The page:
That’s not true of all insurers, over occupancy wouldn’t be a reason Schofields would decline a valid claim – it’s wise to check your insurers stance though. Asking for additional payment is warranted, but make sure it’s mentioned in your terms and condition.

  • Rosie |

    The campervan factor is interesting. We currently have 8 adults staying in our maximum 8-person holiday let. Our Ts and Cs clearly state that in the event of over-occupancy we have the right to end the booking, and effectively turf everyone out.

    We received a call this afternoon from one of our guests, declaring this was a ‘courtesy call’ and that 2 friends ‘were in the area, coming for dinner, but would be sleeping in their campervan’, and could they park it on our drive.

    Caught on the hop we said yes, that’s fine. However, having had time to reflect, this feels like a pre-arranged gig for their mates to use our facilities (sauna, BBQ, dog spa, gardens, living room, showers etc.) for no charge.

    What remains to see is how many nights they might ask to play this game. If we get a call tomorrow, I will tell them that they can stay for xx more nights, and that we’ll be deducting £25 per night in extra cleaning, wear and tear etc.

    Any advice from anyone would be welcome.


    • Philip |

      I’m sure it happens more often than owners are aware of. There are some tips in this post on monitoring your holiday let remotely https://www.schofields.ltd.uk/blog/4884/smart-devices/ Sounds like a good course of action to cover the additional wear and tear etc.

  • Rosie |

    Our current (arrived yesterday) guests booked as 2 adults + 4 children + 1 dog. Our property sleeps 8 adults plus babes in arms. We charge £20 per dog per stay.

    They were taken aback on arrival when they found out we lived next door. They fessed up that some ‘friends ‘ would be staying one night (tonight) and had brought an inflatable mattress for the ‘little ones’. We thought we’d keep an eye on this development, and reluctantly let it go (only 2nd booking after 4 months of no income courtesy the lock down).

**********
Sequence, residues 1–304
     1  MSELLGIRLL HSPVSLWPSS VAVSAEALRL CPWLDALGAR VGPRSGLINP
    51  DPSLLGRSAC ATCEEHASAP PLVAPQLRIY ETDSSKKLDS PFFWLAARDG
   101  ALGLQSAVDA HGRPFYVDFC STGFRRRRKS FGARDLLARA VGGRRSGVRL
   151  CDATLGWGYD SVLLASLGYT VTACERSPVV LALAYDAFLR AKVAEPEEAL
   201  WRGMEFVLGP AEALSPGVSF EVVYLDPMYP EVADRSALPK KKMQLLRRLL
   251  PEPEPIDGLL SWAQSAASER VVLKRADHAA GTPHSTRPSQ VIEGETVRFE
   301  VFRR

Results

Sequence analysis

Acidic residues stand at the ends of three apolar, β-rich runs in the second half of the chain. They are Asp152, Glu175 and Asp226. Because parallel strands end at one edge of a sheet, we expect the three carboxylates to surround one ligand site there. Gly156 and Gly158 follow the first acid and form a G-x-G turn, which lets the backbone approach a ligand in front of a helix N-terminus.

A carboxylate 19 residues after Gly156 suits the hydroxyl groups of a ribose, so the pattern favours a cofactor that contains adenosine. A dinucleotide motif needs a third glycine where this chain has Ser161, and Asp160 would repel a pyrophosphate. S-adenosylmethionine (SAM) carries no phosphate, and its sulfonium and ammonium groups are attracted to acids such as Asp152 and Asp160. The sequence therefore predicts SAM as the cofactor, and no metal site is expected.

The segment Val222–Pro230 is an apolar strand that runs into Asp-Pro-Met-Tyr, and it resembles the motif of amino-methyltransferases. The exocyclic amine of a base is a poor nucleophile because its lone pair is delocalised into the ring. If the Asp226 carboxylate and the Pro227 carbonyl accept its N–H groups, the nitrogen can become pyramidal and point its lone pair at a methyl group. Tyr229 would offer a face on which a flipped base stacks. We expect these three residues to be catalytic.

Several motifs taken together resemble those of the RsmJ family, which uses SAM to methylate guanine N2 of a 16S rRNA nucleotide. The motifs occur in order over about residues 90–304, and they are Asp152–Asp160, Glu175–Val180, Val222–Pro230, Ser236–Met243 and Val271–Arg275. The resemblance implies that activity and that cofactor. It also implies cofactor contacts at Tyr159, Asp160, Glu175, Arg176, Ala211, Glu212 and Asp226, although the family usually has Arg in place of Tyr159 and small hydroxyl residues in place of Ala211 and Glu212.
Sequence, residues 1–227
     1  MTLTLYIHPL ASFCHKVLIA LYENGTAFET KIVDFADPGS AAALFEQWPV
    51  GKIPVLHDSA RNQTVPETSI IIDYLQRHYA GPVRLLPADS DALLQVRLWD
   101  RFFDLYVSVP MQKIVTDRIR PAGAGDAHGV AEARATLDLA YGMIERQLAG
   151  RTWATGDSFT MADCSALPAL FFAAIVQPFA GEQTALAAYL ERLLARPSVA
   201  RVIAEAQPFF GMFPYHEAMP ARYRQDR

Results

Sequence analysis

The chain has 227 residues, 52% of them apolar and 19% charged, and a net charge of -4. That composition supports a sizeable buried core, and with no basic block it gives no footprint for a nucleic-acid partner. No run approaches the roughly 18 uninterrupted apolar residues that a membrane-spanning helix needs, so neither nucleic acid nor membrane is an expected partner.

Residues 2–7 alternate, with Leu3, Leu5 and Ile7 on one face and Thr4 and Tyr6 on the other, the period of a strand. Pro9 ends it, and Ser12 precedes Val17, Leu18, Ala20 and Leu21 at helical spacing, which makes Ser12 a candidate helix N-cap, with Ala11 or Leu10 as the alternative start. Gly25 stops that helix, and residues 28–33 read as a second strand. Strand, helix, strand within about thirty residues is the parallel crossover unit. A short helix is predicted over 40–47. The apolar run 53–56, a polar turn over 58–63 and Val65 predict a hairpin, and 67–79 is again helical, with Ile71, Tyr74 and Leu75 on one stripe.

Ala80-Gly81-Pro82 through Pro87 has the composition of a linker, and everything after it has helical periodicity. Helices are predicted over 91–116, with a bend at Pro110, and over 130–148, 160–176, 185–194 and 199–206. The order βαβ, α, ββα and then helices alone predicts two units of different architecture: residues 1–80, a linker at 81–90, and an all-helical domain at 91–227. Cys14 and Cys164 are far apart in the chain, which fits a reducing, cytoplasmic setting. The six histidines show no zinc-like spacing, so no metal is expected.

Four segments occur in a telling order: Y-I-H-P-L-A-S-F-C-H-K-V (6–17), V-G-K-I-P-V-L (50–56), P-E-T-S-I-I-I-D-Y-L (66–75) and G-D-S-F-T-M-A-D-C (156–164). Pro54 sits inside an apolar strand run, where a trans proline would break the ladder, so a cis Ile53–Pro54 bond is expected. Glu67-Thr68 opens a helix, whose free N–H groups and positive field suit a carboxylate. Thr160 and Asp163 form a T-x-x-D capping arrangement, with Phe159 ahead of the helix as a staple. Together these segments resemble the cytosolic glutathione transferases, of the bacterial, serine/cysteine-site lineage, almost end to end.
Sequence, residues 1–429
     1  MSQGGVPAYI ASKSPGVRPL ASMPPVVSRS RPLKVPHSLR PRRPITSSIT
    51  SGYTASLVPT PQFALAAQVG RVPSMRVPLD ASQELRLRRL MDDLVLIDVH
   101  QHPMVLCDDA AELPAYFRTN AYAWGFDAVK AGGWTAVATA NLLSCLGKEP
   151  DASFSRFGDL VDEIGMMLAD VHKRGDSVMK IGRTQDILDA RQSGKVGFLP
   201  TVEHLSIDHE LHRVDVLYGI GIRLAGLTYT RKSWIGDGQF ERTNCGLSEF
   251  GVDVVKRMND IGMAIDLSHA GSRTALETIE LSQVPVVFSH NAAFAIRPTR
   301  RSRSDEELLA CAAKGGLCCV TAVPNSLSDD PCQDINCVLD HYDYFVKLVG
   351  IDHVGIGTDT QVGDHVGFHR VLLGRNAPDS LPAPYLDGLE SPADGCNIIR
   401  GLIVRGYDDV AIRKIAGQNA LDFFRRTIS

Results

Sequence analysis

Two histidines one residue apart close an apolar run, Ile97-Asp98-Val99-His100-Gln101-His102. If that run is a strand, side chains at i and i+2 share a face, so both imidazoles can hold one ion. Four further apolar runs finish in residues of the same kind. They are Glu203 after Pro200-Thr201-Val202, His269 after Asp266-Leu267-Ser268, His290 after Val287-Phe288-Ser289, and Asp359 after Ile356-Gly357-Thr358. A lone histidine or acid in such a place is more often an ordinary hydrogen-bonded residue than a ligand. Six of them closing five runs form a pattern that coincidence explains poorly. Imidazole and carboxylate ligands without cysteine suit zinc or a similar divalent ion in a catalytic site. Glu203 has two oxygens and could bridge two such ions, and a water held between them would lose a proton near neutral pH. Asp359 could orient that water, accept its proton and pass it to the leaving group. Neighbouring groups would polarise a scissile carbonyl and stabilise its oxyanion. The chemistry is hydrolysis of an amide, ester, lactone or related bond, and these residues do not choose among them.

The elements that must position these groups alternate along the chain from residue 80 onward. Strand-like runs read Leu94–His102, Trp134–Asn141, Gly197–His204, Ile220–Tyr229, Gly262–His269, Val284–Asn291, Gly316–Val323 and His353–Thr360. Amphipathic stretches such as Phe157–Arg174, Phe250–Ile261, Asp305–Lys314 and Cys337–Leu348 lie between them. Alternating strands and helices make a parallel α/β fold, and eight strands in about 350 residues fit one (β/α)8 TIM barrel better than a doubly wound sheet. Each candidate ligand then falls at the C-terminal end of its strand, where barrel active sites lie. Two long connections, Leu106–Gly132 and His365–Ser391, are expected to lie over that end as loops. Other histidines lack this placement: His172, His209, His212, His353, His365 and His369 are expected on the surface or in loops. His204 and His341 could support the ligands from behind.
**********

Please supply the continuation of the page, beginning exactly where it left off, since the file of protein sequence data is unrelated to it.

Doing a quick count this afternoon of their gang returning in dribs and drabs from the local pub – there are now 6 adults and 6 children and 2 dogs stuffed into our Barn.

    Our Ts and Cs for direct bookings are clear. If any guest exceeds the maximum occupancy they will be asked to leave.

    This group booked through the goliath VRBO (Homeaway until last week). Can’t find anything on their website regarding this subject.

    Am inclined (if the 3rd car hasn’t gone in the morning) to email the booker of the stay and tell him that our PLI restricts us to 10 humans at any one time. And could he please stick to his orignal booking and ask his friends to leave. Not true re the PLI, but am irked that they’re taking the piss frankly.

    Any advice welcome!

    • Philip |

      It all depends on what your terms and conditions say about asking guests to lave or charge extra. Also, are they breaking the local Government rules on the number of households who can stay in accommodation together?

  • Di |

    We have a cottage for 8 with one cot (but do have two if required). We have 6 adults, 1 infant and three babies booked. Would this be classed as over occupancy?

  • Al |

    My cottage sleeps six – adults only – this fact is mentioned three times in the booking and property information. The holiday company’s booking system doesn’t allow for children to be booked in. Yet this weekend’s guests were a family with four children and at Christmas, the booked couple brought their two small daughters. I live a long way from the house and so cannot check and rely on the cleaner and my neighbours.
    The house is not equipped for children and the garden is steep. Should these unpermitted guests meet with an accident, I am concerned that I will be sued. Is the booking company’s procedure goo enough to protect me?

    • Philip |

      The booking procedure and terms should make it clear the maximum occupancy. I would raise this with your agent. Regardless of the number of occupants, you should ensure the property meets all the relevant health and safety requirements and that you have the right insurance that covers public liability.